“Genre fiction” is a nasty expression – when did genre become an adjective? But I oppose the term for a different reason. It is a weasel formulation, in the sense that it confuses literary fiction with literature. It was smart marketing on the part of the editors to set aside certain contemporary fictions and declare them Literature – and therefore Important, Art and somehow better than other writings.
The term weaves its way into the past in a strangely anachronistic way, so that, for example, the works of Jane Austen qualify as literary fiction. It does not make sense. Can anyone think for a moment that if she wrote today she would be published as literary fiction? No, and not because she would end up under romance or chicklit, but because she writes comedy, and literary fiction, with a few rare exceptions, does not include comedy in her remit.
Austen never imagined for a moment that she was writing literature. Posterity has decided that – not her, not John Murray, not even her contemporary readership. She wrote fiction, for entertainment and to earn money.
This is what we novelists have been doing ever since. Or should have done. Perhaps, in our serious and solemn way, we ask fiction to carry a burden it was never intended to carry. Look at some of the claims made for literary literature. For example:
And, joy of joys:
“Literary fiction is experienced as an emotional journey through the symphony of words, leading to a better understanding of the universe and of ourselves.” (Huffington Post)
Someone should go to the science department and tell these physicists to stop worrying about dark matter; all they have to do is read a little fiction.
Of course, just because the types of enlightened reviewers make absurd claims for literary fiction doesn’t mean that writers in this category don’t write good books. Or bad books, as in all other types of fiction. And categorization is what it’s all about. Describing books as literary can determine whether a book is rated or not. It also determines where it goes on the shelf in bookstores, although with ebooks and online booksellers we are moving towards smoother ways of labeling books, so that books that don’t fit perfectly in. the sites find a place and a readership.
John Gardner, in his creative writing manual The Art of Fiction, spoke of the fictional dream of the writer. For me, in good fiction of any kind, the imagination of the writer speaks directly to the imagination of the reader. I want and expect to be entertained, enchanted, transported to the world of the writer, lost in a good book. I don’t want to be lectured, to have trouble in my throat or, dare I say it, to be called upon to admire the beauty of the tongue. If a writer writes well besides being a great storyteller, I am grateful and delighted. If they write well but there is no story, I don’t want to read it. For deep thoughts expressed in poetic language, I turn to poetry. For intellectual arguments and ideas that appeal to reason, I’ll read non-fiction.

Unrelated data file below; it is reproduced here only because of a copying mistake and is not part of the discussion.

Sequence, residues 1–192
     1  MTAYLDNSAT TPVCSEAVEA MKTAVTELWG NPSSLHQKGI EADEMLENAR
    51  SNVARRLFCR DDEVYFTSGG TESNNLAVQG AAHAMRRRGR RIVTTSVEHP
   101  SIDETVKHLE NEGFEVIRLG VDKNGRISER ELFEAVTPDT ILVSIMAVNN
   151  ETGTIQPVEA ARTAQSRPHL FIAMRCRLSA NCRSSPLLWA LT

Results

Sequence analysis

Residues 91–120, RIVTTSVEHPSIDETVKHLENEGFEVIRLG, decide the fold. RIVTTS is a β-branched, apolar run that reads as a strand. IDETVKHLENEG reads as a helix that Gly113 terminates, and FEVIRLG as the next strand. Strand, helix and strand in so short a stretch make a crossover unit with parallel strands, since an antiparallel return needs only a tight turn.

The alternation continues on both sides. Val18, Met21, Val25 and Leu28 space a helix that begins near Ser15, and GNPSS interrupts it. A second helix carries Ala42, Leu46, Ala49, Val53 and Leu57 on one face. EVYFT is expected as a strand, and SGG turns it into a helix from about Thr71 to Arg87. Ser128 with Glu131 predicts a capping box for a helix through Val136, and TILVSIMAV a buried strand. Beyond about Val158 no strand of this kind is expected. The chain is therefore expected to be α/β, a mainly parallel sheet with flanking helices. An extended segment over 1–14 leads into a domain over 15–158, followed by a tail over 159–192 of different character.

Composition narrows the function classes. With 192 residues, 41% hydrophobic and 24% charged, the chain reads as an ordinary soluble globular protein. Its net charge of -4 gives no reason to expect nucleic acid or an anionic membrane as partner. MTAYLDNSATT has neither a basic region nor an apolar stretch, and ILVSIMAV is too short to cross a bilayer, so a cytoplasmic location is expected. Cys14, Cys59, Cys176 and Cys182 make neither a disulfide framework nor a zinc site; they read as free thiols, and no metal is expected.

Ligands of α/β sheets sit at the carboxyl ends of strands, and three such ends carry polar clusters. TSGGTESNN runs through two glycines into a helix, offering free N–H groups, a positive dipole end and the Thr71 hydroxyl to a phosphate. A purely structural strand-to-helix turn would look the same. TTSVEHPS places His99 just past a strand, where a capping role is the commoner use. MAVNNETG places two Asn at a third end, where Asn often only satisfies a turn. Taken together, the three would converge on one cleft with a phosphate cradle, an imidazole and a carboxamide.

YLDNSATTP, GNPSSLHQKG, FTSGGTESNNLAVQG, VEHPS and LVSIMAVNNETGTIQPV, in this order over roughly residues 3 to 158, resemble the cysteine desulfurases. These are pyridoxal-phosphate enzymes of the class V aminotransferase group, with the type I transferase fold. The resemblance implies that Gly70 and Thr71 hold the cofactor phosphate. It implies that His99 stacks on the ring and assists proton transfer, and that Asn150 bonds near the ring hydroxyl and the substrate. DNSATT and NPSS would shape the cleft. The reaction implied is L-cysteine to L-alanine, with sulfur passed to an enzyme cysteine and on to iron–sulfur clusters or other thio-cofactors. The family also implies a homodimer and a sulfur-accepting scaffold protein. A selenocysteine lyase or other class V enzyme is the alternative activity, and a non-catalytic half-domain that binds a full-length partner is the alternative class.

It may make me seem, to some people, that sad creature: the reader who cannot take on an intellectual challenge, who thinks intrigue matters, who dislikes books that drift towards aimless ends.
Which brings me to the delicate subject of literary snobbery. Maybe I should call it LitSnob. Reads fic: good. Popular, commercial, trash and pulp fiction: bad.
Remember that depth has a dark twin called pretension. Good fiction is good fiction, good writing is good writing and the old, old scholar’s desire to throw readers of different tastes into pits labeled “middle brow” and “low brow” is critical and arrogant. It plays on the reader’s fear that we may not be judged smart enough.
We’re proud to be seen reading the latest major “literary” headline – but how many people never get past page 50 on their Kindle…?
The fiction is a wide church, but let it be a Lollard church with wide aisles, not a Counter-Reformation church where the literary writers are in the sanctuary with the priesthood of scholars and acolytes present, while the types inferior “genders” are banished to dark side chapels as if they belonged to some sort of minor cult.
All books can be grouped into one genre, and literary fiction is just one of many. As a tag, it doesn’t tell us anything about the intrinsic value of an individual title. There are good books and bad books, and both can be found across the fictional horizon.
Elizabeth Edmondson is the author of 30 novels. They include (like Elizabeth Edmondson) Devil’s Sonata: Evil never dies and (like Elizabeth Aston) the Mountjoys series. This is an edited version of a speech delivered during a Oxford Literary Festival debate in favor of the motion “Genre fiction is no different from literary fiction”.